• Improving the Language Access Plan consistency, transparency and response rate
  • Funding the full cost of delivering human services, including investing $250 million to address the gap in indirect reimbursement rates
  • Pay equity for human services workers and community-based early childhood workers
  • Investments in the critical non-profit social services that uplift and empower low-income and immigrant New Yorkers


“Our city’s immigrant and low-income communities must be empowered with adequate resources and support to thrive and prosper. In celebration of Asian-American and Pacific Islander Heritage Month, it is crucial that the City refocuses its attention to our large and growing Asian-American community particularly those who are vulnerable and in need,” said Comptroller Scott Stringer. “At a time when our immigrant communities are under assault, the City must recommit to supporting organizations such as the Chinese-American Planning Council by increasing resources to ensure a fair and accurate Census count, protecting legal services, and uplifting all New Yorkers.”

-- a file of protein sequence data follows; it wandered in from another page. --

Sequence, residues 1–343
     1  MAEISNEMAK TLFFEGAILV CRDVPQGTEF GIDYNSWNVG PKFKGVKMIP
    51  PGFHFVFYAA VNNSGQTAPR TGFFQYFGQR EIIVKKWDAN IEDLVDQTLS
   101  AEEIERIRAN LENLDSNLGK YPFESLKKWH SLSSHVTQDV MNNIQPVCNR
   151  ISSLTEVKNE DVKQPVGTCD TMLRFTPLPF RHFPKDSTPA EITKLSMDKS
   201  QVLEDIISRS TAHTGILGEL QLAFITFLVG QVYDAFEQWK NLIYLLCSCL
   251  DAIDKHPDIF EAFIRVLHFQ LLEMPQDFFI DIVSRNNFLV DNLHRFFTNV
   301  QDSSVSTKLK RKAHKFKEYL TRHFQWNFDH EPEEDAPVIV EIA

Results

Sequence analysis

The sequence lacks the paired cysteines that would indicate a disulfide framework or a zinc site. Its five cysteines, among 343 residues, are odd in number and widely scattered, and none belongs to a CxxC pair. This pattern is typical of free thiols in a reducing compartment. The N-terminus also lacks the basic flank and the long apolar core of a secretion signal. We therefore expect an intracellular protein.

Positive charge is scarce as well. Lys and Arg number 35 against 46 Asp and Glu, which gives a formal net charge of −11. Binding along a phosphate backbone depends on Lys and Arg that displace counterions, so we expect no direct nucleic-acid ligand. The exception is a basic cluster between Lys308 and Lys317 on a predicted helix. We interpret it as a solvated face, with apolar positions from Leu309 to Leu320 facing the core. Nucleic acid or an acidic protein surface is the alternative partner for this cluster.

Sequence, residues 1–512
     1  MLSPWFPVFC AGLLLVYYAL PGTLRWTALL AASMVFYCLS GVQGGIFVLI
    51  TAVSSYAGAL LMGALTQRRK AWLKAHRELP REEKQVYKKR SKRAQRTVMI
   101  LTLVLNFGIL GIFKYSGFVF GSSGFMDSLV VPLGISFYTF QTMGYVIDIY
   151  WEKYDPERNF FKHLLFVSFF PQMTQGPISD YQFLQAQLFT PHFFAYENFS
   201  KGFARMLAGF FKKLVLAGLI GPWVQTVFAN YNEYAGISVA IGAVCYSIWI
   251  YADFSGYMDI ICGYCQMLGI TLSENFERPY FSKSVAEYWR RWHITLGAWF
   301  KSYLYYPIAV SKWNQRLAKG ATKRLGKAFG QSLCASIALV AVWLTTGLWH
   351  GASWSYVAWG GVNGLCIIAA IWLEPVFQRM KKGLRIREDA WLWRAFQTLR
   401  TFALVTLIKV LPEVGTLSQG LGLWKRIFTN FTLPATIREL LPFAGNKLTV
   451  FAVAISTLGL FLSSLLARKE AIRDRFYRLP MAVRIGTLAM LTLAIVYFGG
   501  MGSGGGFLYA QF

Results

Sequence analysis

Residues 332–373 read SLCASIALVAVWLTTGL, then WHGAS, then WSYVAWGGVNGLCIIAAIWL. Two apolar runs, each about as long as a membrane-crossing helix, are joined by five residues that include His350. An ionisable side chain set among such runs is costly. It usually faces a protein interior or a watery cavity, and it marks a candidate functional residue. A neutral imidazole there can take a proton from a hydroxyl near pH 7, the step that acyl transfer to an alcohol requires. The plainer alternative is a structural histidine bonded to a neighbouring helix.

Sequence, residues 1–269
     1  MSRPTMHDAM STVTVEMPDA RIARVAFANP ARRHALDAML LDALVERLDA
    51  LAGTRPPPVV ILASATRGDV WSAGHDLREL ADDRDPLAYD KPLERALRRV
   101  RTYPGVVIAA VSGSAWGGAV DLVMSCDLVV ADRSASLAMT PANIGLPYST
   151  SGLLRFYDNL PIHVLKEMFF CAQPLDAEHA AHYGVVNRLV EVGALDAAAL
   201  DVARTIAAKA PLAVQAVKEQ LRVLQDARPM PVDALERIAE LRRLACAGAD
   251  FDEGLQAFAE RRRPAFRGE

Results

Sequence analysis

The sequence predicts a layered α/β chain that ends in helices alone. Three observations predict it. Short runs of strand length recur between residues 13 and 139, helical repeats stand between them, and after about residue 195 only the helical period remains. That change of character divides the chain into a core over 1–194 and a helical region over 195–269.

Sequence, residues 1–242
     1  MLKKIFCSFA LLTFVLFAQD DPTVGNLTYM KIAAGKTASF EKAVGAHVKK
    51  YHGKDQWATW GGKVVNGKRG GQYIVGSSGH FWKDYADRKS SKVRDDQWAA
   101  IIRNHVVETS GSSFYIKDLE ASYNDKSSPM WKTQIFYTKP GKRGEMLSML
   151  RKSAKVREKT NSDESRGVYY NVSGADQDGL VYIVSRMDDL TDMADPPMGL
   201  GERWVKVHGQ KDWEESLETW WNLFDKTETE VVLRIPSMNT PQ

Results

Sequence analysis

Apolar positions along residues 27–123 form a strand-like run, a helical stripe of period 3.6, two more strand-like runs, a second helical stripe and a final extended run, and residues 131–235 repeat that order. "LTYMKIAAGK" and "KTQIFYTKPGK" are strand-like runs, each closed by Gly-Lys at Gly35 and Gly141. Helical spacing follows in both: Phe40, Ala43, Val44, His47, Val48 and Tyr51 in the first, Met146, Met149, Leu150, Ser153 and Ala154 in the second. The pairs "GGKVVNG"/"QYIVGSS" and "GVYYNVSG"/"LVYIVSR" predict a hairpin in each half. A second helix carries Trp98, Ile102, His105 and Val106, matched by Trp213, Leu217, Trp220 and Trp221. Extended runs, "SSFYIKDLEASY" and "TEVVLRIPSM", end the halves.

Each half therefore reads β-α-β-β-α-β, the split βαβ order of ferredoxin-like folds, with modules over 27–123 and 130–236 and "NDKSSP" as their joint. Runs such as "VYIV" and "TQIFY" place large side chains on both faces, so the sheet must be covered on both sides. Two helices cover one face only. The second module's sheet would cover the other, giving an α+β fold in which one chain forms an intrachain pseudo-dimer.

“For more than five decades, the Chinese-American Planning Council has been advocating, organizing and assisting New York’s Asian American and Pacific Islander community – highlighting the deep inequities in the City budget that neglect this diverse and growing community,” said Council Member Margaret S. Chin. “Now more than ever, we need to make sure that our City is putting in the investments needed to provide more low-income Asian New Yorkers an opportunity to thrive.  We need equity at every level of the budget – from expanding 3-K to serve more communities to funding adult literacy programs citywide – which is why I am proud to support the Chinese-American Planning Council’s  CPC City Advocacy Day to elevate the needs, budget priorities and shared goals of Asian American and Pacific Islander New Yorkers.”